How I have survived as DJ outside Nigeria for 20 years —Jimi Shadare

Jimi Shadare, also known as DJ Jimbo, CEO of Affrakata Entertainment, is a lone figure in his profession. Unlike most DJs in Nigeria (Africa) who play only music from their regions, he combines music from all African countries. In this interview with Segun Adebayo, he talks about the industry and being the only Nigerian DJ who also organises concerts in Francophone countries.

 

You are a DJ. Your younger brother, Ayo Shadare, promotes Jazz music. What’s the Shadares interest in entertainment?

I will not call myself a DJ per se, but more of a promoter of world music which I have been doing within and outside Nigeria for 20 years. My promotions have been channeled through local/international concerts, radio programmes, hosting exclusive private parties for lovers of a great blend of world music through services with good equipment. On the other hand, I have three brothers and a sister who love good music. Ayoola Sadare of Inspiro Productions has been a force to reckon with locally and internationally as he has taken Jazz promotions to greater heights. I will say our interest stems from the fact that our late dad was one of Nigeria’s first private dental practitioners in the 60s. He was also a great lawn tennis and cricket player who captained and won many laurels for Nigeria at international meets. Amid all this, his love for all types of music, which he played regularly and danced to within our home, surely must have struck a chord within us. I do recollect him owning a record label, ‘Asoremasika Sounds, and also had brand new recording equipment including a Coaster Bus, bought to assist the artistes on his label. My first Fela album was bought for me by my dad on my 10th birthday.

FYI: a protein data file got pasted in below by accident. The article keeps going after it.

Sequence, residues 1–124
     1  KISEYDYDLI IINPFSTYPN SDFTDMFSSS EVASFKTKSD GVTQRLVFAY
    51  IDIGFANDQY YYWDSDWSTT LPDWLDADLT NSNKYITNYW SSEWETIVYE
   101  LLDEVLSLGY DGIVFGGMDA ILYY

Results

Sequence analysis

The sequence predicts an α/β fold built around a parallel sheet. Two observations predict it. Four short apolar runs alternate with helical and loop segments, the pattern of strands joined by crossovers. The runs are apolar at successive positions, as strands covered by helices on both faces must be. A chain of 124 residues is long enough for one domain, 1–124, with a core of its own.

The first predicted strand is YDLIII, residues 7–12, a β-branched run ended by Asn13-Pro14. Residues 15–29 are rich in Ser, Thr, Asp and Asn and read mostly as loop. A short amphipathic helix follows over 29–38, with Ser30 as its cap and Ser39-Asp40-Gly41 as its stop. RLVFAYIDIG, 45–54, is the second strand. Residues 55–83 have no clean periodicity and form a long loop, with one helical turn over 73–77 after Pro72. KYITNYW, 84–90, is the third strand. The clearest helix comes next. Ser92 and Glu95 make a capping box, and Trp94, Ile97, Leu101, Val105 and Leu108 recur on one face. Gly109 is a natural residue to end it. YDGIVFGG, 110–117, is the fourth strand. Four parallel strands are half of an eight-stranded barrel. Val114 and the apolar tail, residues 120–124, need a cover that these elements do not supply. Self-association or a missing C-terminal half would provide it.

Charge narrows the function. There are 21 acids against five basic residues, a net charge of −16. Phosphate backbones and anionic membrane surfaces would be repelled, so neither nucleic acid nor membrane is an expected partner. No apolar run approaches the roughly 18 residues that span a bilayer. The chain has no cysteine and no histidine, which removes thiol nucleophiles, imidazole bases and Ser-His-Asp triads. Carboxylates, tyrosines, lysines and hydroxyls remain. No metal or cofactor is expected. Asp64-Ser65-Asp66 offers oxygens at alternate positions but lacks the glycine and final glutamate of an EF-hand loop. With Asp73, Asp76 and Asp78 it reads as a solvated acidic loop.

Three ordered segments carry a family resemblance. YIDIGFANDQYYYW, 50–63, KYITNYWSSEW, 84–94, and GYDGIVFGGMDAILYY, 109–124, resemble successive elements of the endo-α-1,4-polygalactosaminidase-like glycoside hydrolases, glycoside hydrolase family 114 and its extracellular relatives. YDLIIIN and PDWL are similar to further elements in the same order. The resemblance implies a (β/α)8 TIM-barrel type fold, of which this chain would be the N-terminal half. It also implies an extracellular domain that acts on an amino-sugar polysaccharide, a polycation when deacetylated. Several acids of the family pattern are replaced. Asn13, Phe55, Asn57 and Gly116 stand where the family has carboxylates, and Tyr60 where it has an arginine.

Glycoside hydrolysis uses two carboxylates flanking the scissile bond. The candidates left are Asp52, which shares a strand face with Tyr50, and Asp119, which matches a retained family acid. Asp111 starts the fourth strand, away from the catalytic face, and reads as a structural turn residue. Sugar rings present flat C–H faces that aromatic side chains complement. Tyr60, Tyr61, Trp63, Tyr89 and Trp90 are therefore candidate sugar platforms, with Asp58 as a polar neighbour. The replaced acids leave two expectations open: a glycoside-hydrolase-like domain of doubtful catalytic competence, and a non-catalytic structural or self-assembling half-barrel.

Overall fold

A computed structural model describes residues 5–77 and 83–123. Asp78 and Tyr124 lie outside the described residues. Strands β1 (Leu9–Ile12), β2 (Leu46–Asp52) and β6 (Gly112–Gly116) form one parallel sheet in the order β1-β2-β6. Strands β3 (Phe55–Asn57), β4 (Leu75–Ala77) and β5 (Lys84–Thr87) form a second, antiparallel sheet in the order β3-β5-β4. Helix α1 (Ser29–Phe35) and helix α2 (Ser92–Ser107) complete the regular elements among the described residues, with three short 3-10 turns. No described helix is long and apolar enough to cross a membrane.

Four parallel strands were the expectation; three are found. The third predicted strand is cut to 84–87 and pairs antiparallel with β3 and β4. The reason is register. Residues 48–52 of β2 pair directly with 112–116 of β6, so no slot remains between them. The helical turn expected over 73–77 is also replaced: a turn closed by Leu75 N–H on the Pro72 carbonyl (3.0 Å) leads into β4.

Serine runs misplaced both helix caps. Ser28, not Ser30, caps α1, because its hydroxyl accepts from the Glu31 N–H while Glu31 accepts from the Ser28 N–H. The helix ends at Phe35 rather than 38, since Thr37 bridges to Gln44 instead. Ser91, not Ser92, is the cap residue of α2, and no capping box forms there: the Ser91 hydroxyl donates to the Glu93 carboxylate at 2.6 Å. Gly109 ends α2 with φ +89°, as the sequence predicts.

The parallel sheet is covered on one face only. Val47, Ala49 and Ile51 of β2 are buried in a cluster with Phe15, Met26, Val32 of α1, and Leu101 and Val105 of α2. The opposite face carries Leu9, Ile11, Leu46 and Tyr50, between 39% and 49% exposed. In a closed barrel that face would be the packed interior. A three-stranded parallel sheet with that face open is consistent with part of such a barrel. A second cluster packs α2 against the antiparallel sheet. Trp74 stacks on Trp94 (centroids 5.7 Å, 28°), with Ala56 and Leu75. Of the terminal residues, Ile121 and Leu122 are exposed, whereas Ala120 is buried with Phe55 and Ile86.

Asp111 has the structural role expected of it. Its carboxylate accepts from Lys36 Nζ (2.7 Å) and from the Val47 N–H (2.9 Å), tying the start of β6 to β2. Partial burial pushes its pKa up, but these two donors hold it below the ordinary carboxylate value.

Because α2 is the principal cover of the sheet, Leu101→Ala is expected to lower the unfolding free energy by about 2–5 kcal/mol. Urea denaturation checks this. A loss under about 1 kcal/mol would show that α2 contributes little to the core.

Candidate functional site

For a DJ, your CV is intimidating. Would you say that’s because you combine mostly Francophone music with Nigerian music?

Many thanks for noticing my CV which you have termed intimidating. That alone tells the quality of efforts. DJ Jimbo must have been putting things together for the past 20 years within and outside Nigeria, trying to create an awareness of world music blend from all nations. My foray into the world of music came from my entertainment tourism experience around the world with lots of top acts. I got firsthand knowledge on how elite in various countries visited, enjoyed themselves during holidays and I connected that with the yawning gap in providing good entertainment for same calibre of people in my country, Nigeria. My aim, all along, had been to provide such clients a great blend of world music at their special events, programmes, celebrations, among others.  My own brand of disc jockey has taken longer than mainstream Afrobeats music being played by most A-list deejays. That is what gives me the niche in the entertainment, which is now being acknowledged worldwide.

 

You are popular among music lovers who are in their 40s-70s in Nigeria, but very popular among both young and aged music lovers in Francophone countries. How do you handle this knowing that many of your fans are non-Nigerians?

I have always loved music from primary school days when I used to mime and dance to the Jackson’s “A.B.C.” for the enjoyment of my siblings, especially on the living room centre table. So you can imagine how young I was for the table to withstand my weight. My reference is to highlight my love for any type of music and growing up to deliver such to the world does not change how I am accepted because I am a world music deejay who delivers more to a matured crowd, especially in Nigeria.